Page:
now brought out another suit, and she clothed herself, and the two lovers remained in the
When eight days had passed, the giant Safeyd returned once more to his house. And when
Bairâm saw the huge chains which encircled his waist he began to tremble with fear, but
the giant reassured him saying, "Fear not. Are you not master of all I possess?"
And he ordered music to play and dancing girls to assemble in numbers to beguile and cheer
his spirits, but they were all invisible.
"To you see them?" asked the giant.
"No," answered the prince. "I see nothing, but I hear the music and the
tinkling of anklets."
"I will give you some of King Solomon's antimony," said the giant.
"Touch your eyes with it."
And when Prince Bairâm had touch his eyes with King Solomon's antimony he saw the
whole place filled with troops of exquisite damsels, dancing to the music of viol and
Now, the beautiful fairy whom the prince had captured in the garden was one of the
wives of the giant, and the giant knew all that had passed. But his love for Bairâm was
so great that he said to him, "Take not only Ghulâb Bâno, but all I possess you can
take as well."
One day the fairy grew sad and said, "Give me leave to visit my father and mother
and to return."
So the prince brought out her fairy clothes, and she changed into a milk-white dove,
and away she flew. But her parents, when they heard the news, were angry that she had
married a mortal, and they imprisoned her in a gloomy subterranean city. Therefore she did
not return. And as time went on, and still she came not, Prince Bairâm began to pine and
droop from sorrow, and for his sake, too, the giant grew sad and melancholy.
At last the prince cried, "I must follow her, and never come back till I find
"Are you quite resolved to go?" asked the giant.
"I can no longer live," said he, "without her."
Then the giant gave him three things: his invisible cap, some of King Solomon's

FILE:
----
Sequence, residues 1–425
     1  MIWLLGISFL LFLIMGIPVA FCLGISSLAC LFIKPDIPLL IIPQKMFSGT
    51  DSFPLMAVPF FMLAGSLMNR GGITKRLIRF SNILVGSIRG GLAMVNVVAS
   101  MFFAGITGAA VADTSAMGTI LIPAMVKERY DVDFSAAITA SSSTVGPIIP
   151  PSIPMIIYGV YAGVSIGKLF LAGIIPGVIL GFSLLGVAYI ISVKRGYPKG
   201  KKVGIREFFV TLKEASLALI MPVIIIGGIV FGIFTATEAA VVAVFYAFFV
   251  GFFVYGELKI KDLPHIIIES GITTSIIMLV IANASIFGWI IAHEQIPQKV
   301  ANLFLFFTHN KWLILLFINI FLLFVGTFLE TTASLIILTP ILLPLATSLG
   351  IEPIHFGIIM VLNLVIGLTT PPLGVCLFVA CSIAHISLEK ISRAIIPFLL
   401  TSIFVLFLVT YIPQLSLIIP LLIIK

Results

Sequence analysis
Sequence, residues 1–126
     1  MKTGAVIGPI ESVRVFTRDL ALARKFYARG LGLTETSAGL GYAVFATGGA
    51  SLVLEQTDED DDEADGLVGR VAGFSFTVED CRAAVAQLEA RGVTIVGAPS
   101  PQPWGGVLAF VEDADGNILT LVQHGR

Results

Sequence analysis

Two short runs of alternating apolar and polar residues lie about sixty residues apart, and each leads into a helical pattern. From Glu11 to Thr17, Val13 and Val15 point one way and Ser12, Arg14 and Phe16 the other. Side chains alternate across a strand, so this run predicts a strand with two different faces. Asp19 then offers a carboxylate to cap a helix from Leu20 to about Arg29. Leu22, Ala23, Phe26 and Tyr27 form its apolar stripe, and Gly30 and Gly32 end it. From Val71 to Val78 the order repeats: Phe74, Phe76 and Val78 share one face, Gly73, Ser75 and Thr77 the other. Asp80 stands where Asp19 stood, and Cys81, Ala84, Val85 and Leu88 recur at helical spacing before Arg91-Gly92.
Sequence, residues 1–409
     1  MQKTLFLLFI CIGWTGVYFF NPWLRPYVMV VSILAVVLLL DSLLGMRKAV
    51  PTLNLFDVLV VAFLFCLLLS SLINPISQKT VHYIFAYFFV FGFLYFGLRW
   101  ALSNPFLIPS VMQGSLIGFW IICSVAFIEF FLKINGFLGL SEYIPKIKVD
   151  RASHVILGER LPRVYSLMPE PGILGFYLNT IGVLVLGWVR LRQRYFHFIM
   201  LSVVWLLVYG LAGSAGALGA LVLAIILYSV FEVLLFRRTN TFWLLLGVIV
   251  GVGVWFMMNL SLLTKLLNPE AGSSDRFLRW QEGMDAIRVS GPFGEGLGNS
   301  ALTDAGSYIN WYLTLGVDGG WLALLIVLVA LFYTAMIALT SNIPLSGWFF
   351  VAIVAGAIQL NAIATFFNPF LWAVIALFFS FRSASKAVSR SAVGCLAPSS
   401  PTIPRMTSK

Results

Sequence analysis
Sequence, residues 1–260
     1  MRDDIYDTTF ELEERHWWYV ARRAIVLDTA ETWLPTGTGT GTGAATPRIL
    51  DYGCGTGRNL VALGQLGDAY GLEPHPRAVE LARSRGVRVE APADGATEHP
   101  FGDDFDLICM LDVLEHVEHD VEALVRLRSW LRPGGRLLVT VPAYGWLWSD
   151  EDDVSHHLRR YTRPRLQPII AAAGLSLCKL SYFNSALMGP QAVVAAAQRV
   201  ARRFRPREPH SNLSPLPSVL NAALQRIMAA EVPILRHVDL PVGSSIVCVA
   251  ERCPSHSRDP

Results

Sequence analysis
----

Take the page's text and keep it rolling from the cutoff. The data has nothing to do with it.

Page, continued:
antimony, and one of his own hairs. So the prince set out, and after many days he came to
the subterranean city. But because it was all in darkness, and he could not see his way,
he rubbed his eyes with the antimony, which made everything plain and clear before him.
Then he inquired, and found that the fairy Ghulâb Bâno was imprisoned in a lofty
tower of one hundred iron doors. And when he found himself before the tower he put on his
magic cap, which rendered him invisible, and which also compelled all the doors to fly
wide open. He then entered, and when he saw the fairy princess he took off his cap and
rushed into her arms, and with her he remained for many days.
A woman can never keep a secret. It was not long before Ghulâb Bâno began to whisper
to some of her favorite maids, and to tell her intimate friends the good fortune which had
smiled on her in the midst of her banishment. Then the news spread until it reached the
ears of her father. He collected his giants together, and, going to the tower, they found
the prince with the princess.
They were horrified, and cried, "Come, let us kill him!"
Immediately the prince awoke, and, seeing his peril, he put on his magic cap, which
made him invisible. Then he took the giant Safeyd's hair, and held it in the flame of the
lamp. And as the smoke rose a thousand squadrons of giants at once assembled. There was a